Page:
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Thursday, May 23
The Indiana Daily Student

BFC discusses benefits, budget

Vice Provost for Faculty and Academic Affairs Eliza Pavalko speaks about a member that died during the Bloomington Faculty Council meeting Tuesday afternoon in Presidents Hall.

The Bloomington Faculty Council gathered to discuss a benefits committee report, proposed changes to the bylaws and a report from the budgetary affairs committee at its meeting Tuesday.

Jim Sherman, IU professor of psychological and brain sciences, gave a report from the benefits committee.

Sherman said the report is important because many faculty members are uninformed about their benefits, as well as the issues surrounding their benefits.

“In my opinion, at least, one of the most important things that involve you all is the benefit package that you have available to you, consisting primarily for us of health care benefits and retirement benefits,” Sherman said.

Sherman began his report by explaining the recent resolution regarding same-sex domestic partners. It eliminates benefits for same-sex domestic partners because, as of July 2015, they now can legally marry in all 50 states.

The Board of Trustees adopted this resolution during their last meeting Oct. 8 and 9.

The resolution led to discussion and questions from members of the council, including to whom the resolution was showing fairness and why it was decided so quickly.

When time ran out for the discussion, David Fisher, BFC chair of the constitution and rules committee, said council members who do not agree with this resolution should tell the benefits committee about it.

“I think the benefits committee seemed to think this was an easier decision than many of us think it was,” Fisher said.

Along with this resolution, the benefits report also included statistics and information about IU’s employee healthcare program and the 2016 employee plans.

More than 46,000 lives are affected by IU’s healthcare program, including those of 17,800 full-time employees, 3,400 graduate assistants, 1,200 medical residents and any spouses or children they may have.

Also in this report were results of a Mercer Consulting benchmark analysis of employee medical and dental plans.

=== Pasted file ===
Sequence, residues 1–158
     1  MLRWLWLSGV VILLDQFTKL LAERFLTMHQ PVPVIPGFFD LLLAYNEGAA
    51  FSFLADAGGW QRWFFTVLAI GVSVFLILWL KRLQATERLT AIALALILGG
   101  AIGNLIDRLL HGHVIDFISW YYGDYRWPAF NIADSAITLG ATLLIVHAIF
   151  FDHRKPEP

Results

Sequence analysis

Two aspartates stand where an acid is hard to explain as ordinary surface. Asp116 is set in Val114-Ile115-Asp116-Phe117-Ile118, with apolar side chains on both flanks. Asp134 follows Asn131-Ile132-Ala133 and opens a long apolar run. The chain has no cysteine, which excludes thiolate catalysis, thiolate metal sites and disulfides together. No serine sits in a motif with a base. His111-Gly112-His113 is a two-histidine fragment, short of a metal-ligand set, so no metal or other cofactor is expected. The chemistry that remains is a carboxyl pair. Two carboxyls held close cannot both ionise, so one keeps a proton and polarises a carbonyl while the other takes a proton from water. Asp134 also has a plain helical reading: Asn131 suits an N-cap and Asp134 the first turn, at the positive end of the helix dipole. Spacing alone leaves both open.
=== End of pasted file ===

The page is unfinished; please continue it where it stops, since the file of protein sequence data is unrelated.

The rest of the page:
Mercer used the two most recent years of data and targeted two benchmark groups: Indiana employers with more than 5,000 employees and the Big Ten and AAU.

“What they found was actually quite nice,” Sherman said.

The results showed IU’s benefit plan costs are managed effectively and overall per employee claim cost trends are at or below benchmarks, according to the presentation.

As he finished the report, Sherman discussed the budget for IU’s employees, including a 5.3-percent increase in IU’s contribution to full-time employee health care.

To conclude the meeting, Robert Kravchuk and Elizabeth Housworth, BFC co-chairs of the budgetary affairs committee, began a discussion on the budgetary affairs committee.

They began by describing the job of the BAC, which is to advise the provost on where she should allocate her funds.

IU Provost Lauren Robel continued the discussion by giving a presentation on where she did allocate her funds.

The Provost Fund priorities included career advising, leveraging academic scale and scope, diversity in students and faculty, international programs and study abroad, online graduate programs, other strategic plan initiatives and schools and programs.

Overall, the provost allocated $6,132,272 in base funds and $5,045,144 in cash funds.

Robel also commented on how the provost’s funds and the For All: The IU Bicentennial Campaign are connected. They both have similar goals to attract outside funding and support for the University.

“I think it’s a real opportunity for us to provide support for our students and faculty in ways that we need to be able to do,” Robel said.

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